Ann Arbor Game Day
Elevator Pitch: Magi-steam-punk adventures in the world of Warmachine.
Core Resolution Mechanic: 2d6+Skill vs. Difficulty
Dice used: 2+ d6s.
Flush with the power of a magic and technology driven industrial revolution, the people of the Iron Kingdoms exist in a world at the brink of total war. In the north, the Empire of Khador seeks to reclaim ancient territory in defiance of the treaties that assign that land to others; it’s already left the kingdom of Llael broken and mostly occupied. Its primary opposition, Cygnar, is beset on nearly all sides, contending not only with Khador but with the Protectorate of Menoth to the south, which seceded from the country to pursue a religious crusade against most of the continent. The nation of Ord tries to remain neutral, but how long can that really last in a time all out war seems inevitable? And, from the shadows, the necro-empire of Cryx lurks, waiting to prey on all sides.
Iron Kingdoms is the RPG version of the popular Warmachine skirmish game, casting the players as adventurers or other figures of personal agency in the world. In addition to the humans, the mighty Trollkin and Ogrun, the enigmatic Ios elves, the mechantile Rhul dwarves, and unpredictable Gobbers shape the Iron Kingdoms in their own ways. Characters can hail from any of these races or kingdoms, bound together by some common link; they may be simple mercenaries, or perhaps they’re a cell with a stronger connection to some part of the world? The possibilities for adventure in the world of Iron Kingdoms are broad.
Characters are built by selecting a Race (one of several flavors of human, dwarf, trollkin, etc), an Archetype (such as Skilled for characters focusing on skills, or Gifted for those capable of working magic), and a pair of Careers (such as horseman or warcaster), each of which choices may limit their selection of others. These choices determine the character’s Primary attributes of Physique, Agility, and Intellect, along with secondaries for each (Speed & Strength, Poise & Prowess, and Arcane & Perception, respectively), as well as their equipment, starting abilities, and skill values.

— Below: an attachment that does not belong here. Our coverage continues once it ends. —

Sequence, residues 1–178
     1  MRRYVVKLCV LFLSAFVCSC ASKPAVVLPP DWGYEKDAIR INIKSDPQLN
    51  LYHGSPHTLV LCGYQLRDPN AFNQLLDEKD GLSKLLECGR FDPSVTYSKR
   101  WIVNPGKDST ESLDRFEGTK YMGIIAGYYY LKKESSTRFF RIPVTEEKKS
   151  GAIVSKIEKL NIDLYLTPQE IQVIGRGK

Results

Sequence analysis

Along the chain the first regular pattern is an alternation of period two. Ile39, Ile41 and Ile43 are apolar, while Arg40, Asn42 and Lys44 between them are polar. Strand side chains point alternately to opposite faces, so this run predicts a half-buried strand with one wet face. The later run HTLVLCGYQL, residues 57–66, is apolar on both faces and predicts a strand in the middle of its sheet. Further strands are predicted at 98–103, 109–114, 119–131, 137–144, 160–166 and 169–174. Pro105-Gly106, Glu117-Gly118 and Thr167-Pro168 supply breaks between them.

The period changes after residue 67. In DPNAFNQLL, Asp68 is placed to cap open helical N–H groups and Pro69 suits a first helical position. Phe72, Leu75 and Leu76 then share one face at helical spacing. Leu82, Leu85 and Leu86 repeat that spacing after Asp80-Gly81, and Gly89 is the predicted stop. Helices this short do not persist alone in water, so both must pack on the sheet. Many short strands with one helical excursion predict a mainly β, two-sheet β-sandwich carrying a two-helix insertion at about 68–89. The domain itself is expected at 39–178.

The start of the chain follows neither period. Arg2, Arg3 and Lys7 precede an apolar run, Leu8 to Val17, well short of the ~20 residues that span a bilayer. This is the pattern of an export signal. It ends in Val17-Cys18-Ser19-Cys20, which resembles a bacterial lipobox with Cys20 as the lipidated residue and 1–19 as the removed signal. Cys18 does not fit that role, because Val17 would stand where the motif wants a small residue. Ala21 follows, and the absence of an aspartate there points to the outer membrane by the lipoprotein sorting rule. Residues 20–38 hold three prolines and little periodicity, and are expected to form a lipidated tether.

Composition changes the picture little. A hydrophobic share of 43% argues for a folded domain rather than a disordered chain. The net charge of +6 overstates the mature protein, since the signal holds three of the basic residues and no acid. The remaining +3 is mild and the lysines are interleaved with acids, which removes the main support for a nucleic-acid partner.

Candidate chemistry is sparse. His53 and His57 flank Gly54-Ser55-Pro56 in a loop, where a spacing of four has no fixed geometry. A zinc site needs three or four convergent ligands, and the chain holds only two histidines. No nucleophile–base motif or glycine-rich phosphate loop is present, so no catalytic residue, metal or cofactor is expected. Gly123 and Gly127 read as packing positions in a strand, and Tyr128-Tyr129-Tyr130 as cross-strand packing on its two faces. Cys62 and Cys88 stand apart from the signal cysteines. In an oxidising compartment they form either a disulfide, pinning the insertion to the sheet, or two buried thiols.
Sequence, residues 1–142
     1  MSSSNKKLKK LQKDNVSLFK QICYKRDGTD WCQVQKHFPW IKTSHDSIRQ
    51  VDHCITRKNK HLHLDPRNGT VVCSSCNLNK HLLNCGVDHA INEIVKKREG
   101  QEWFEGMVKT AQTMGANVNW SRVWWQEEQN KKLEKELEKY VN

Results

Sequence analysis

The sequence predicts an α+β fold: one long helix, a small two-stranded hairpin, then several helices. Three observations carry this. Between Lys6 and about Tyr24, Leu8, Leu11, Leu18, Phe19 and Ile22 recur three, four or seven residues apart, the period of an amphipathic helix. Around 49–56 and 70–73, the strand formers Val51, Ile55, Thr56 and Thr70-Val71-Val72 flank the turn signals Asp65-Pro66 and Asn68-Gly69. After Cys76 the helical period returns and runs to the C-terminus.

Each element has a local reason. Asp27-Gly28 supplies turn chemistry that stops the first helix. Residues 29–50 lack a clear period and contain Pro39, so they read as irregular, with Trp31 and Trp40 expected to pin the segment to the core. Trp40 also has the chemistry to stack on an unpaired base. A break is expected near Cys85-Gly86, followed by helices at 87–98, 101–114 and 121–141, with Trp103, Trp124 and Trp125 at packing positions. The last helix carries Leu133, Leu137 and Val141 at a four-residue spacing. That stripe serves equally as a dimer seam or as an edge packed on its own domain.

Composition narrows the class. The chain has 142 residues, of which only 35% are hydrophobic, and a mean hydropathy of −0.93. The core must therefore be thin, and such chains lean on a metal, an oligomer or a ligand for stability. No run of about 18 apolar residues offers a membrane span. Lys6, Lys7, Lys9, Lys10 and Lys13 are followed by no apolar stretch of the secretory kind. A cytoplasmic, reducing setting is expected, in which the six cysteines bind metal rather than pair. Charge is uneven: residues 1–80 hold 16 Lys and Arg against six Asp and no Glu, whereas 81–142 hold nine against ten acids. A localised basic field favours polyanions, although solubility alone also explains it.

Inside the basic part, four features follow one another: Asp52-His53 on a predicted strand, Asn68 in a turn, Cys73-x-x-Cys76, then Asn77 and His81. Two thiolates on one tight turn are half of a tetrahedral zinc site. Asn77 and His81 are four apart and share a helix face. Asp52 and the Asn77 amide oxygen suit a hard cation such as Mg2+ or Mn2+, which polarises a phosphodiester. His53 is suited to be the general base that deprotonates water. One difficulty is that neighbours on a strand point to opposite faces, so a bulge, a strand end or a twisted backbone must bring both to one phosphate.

Most rolls are made using 2d6 and adding a skill value, with double-ones being an automatic failure and double-sixes as an automatic success, and doubles of any kind calling for a critical effect (with success or failure determined first). Certain effects might allow for additional dice, such as spending Feat points on non-combat skill rolls, which can improve your chances significantly. Feat points can also be spent for various effects, such as reducing damage or powering certain particularly potent abilities.
Like the miniatures game, characters have a life spiral, with damage being marked along the tracks and negative effects occurring when one branch is filled in. Some characters may command Jacks, the semi-intelligent golem-like robots which are used for both labor and war; these devices have their own grid on which damage is marked.
Fools Rush In (web download)
When the man standing between your little mercenary outfit and its charter’s official recognition asks you for a favor, it seems like this is your ticket. How much trouble could it be to recover a box, anyway?